You should avoid driving if your car’s thermostat housing or any part of your coolant system is malfunctioning. If your thermostat fails and your engine is not correctly cooled, other parts of your vehicle may get severely damaged. 
Driving with a bad thermostat housing can lead to damages and high repair costs for multiple parts of your vehicle, so take your car to the mechanic for an immediate inspection if you suspect something is wrong with your cooling system.
On average, it takes 1.6 hours hours for a professional mechanic to replace a thermostat housing.
Car experts recommend that you do not drive your car if its thermostat housing is leaking. If your thermostat housing is leaking, your engine and other vehicle components may get seriously damaged. 
Take your vehicle to a mechanic for a cooling system inspection if you notice coolant leaks under your vehicle.

Meet Our Experts

John Davis
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Car Expert
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Certified mechanic with 10+ years of experience
John Davis is an expert automotive writer and former automotive mechanic. John's work spans multiple categories, and he relishes the opportunity to research a new subject and expand his area of expertise and industry knowledge. To date, John has written more than 200 articles covering car maintenance and care, car advice, how-to guides, and more.
Prior to joining Jerry’s editorial team, John worked as a mechanic and freelance writer, creating content for clients including HotCars and SetPower.
Jessica Barrett
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Car Expert
Jessica Barrett is a senior insurance writer and editor with 10 years of experience in the automotive and travel industries. A specialist in car insurance, car loans, and car ownership, Jessica’s mission is to create comprehensive content that car owners can use to manage their costs and improve their lives. As a managing editor for a team of writers and insurance specialists, Jessica has edited over 2,000 articles for Jerry on topics ranging from local insurance shopping tips to refinancing car loans with bad credit.
Before joining Jerry as a senior content editor in 2021, Jessica created visual content for clients such as Expedia, Vivid Seats, Budget Direct Car Insurance, Angie’s List, and HomeAdvisor. Her content was published in Business Insider, Forbes, Apartment Therapy, and the BBC.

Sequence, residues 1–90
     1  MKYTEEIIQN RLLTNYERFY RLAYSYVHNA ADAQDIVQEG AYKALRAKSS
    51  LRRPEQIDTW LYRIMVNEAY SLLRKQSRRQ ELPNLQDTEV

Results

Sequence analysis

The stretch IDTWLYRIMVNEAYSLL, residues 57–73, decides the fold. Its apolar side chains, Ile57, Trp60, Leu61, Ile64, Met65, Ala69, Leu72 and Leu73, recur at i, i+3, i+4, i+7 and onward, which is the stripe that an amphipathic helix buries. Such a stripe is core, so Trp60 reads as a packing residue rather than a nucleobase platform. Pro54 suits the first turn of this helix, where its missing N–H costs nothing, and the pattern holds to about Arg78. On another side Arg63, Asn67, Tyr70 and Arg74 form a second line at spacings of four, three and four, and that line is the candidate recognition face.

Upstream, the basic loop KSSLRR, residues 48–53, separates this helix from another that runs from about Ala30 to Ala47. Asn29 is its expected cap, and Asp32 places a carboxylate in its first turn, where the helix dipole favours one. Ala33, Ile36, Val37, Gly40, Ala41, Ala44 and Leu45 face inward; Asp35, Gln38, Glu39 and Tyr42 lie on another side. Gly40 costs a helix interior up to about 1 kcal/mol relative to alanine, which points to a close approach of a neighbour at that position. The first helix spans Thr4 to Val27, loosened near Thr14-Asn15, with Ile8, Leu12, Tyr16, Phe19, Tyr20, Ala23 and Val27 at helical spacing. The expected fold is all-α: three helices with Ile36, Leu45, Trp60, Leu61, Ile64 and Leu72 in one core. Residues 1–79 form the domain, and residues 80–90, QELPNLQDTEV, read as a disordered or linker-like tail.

Kathleen Flear
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Car Expert
Kathleen Flear is an expert insurance writer and editor who heads up Jerry’s editorial team as director of content. Kathleen empowers drivers to make smart car ownership decisions through  best-in-class articles on insurance, loans, and maintenance. Prior to joining Jerry in 2021, Kathleen served as managing editor for a team of SEO content marketing professionals at and worked as a freelance writer and editor for a range of digital publications, including Chicago Literati magazine and Golden Words. She earned a bachelor’s degree in English language and literature from Queen’s University, and a master’s degree in creative writing and fiction from Sierra Nevada University.
*The price information provided on our car repair webpages is intended for general informational purposes only. Actual prices for car repair services may vary based on various factors, including but not limited to the make and model of your vehicle, the extent of repair required, and the prevailing market conditions. All prices for real repair shops are estimations based on our research only. Therefore, the prices listed on our webpages should not be considered as final quotes or binding offers.